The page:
* Would you consider 3rd party lenses other than Canon/Nikon (eg Sigma, Tokina, Tamron, Zeiss)
* What flash power and requirements do you need?
* What gear do you currently have (body, lenses, flash, tripod, other accessories)?

Last edited by troypiggo; 23-07-2010 at 04:05 PM.
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Old 23-07-2010, 04:02 PM
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Hi Humayun,

A couple of things have lead me to this point.

1) A month in Canada carrying zooms made me want to use prime's for their better size and weight.

2) Spending a reasonable amount of time taking photo's in rain and snow made me want a sealed body and preferably lenses as well. 7D or 5D2 would address this.

3) The 350D is not supported for lens correction in DPP, and the 10-22mm needs a LOT of correction. It's sharp, wide, and really nice, but edges and corners are way off reality. 7D or 5D2 would address this.

In his choices, Barry has built an awesome all-weather setup. Also, for a given prime, such as Barry's 100mm Macro, he will get more area covered with the full-frame body.

As I want to get some prime's, now would be a good time to choose between FF and 1.6x crop, as lens choice would be different. Ideally I'd like FF equivalents of 50mm and 24mm. This is easy on a FF as there are several options available at these lengths, but with a 1.6x crop, you'd be looking at 30mm and 15mm. The Canon 28mm f/1.8 approximates the 50mm, but to get something similar to the 24mm would mean the Canon 14mm f/2.8L, which just seems like overkill on a crop body.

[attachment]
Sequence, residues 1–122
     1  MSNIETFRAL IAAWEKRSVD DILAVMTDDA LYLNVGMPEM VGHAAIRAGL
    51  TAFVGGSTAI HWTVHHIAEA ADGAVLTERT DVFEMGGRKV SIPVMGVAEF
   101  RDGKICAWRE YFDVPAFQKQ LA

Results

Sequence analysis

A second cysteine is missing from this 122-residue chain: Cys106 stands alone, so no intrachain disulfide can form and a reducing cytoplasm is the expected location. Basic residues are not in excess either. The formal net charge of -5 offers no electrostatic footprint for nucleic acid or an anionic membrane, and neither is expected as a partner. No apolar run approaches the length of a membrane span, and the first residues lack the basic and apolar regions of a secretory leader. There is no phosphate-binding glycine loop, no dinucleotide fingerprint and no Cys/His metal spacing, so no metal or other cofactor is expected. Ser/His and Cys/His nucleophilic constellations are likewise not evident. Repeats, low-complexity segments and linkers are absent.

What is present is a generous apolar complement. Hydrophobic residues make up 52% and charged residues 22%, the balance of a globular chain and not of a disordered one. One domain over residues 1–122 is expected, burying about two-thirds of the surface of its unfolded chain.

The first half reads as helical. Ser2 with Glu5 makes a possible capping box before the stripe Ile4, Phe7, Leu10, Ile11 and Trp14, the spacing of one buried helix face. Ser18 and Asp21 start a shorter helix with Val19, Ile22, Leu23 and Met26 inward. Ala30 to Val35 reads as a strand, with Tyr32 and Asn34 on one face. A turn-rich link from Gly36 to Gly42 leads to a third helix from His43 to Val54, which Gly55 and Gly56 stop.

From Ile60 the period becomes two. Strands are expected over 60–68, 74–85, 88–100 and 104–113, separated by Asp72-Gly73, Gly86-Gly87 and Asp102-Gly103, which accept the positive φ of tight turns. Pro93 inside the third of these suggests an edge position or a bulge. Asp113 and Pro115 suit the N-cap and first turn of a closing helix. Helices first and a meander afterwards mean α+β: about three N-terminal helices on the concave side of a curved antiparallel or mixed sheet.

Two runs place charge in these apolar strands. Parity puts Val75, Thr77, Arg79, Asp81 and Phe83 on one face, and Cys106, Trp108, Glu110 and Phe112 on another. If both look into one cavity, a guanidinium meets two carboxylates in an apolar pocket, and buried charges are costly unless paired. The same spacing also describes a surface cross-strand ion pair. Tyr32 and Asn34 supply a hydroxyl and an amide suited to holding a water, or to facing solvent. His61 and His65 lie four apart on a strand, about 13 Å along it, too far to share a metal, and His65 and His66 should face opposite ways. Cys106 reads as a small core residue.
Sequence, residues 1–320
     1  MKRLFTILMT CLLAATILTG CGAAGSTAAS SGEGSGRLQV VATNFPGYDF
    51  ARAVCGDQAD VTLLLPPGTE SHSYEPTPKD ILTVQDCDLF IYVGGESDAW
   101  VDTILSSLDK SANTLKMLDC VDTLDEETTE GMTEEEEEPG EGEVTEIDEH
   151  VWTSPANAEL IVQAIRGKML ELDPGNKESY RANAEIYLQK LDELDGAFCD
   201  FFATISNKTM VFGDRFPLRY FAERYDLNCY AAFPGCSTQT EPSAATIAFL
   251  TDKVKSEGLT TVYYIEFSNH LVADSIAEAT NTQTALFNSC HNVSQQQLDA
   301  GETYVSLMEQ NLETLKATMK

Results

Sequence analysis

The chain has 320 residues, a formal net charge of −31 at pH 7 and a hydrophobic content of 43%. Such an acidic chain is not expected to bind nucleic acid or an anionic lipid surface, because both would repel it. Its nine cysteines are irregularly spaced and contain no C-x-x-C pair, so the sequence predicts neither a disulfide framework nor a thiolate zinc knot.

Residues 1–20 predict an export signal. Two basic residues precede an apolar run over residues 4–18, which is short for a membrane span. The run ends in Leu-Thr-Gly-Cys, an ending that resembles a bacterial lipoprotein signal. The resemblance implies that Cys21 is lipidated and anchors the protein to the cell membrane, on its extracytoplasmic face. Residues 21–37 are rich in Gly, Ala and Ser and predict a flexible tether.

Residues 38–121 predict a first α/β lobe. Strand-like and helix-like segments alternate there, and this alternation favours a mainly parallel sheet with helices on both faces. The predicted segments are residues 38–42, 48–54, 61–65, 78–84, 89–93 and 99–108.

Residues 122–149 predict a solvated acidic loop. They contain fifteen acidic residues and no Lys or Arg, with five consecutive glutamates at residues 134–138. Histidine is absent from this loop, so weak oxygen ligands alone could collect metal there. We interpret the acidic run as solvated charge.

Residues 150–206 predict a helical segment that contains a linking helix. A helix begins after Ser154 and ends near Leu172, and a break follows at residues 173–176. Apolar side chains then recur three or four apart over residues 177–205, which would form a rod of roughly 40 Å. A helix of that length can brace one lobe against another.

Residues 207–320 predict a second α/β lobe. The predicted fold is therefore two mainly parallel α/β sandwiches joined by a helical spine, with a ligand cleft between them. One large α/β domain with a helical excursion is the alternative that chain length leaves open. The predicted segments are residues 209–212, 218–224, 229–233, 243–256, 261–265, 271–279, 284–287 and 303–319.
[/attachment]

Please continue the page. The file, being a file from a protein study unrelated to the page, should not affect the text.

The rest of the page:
Special lenses like the 15mm Fisheye and Tilt-Shift's also don't work to full effect on the crop bodies, and these could be an option in the future.

High ISO performance is also a consideration, as this allows decent shots with longer lenses around f/4-f/5.6, rather than spending the national debt on long f/2.8's.

Barry, are you considering anything longer than the 35mm end of your zoom?

Cheers,
Jason.
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Old 23-07-2010, 04:20 PM
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I'm not really sure where this thread is going but I'll add my 2c worth for the heck of it.

I agree with everything H said.

Quote:
Originally Posted by koputai View Post
High ISO performance is also a consideration...
The 5DMkII is undoubtedly better than the 7D in this regard. And hearing all your comments I'm surprised you're even debating an alternative to the 5DMkII (perhaps you recently made up your mind ). However, having invested (not much$) in processing software like Noise Ninja you can largely negate this in an extremely easy manner.

To address Barry's actual question .... if that is what this thread is meant to be for....

Quote:
Originally Posted by bloodhound31 View Post
Glad you picked that lens/camera?Yes/No/Why?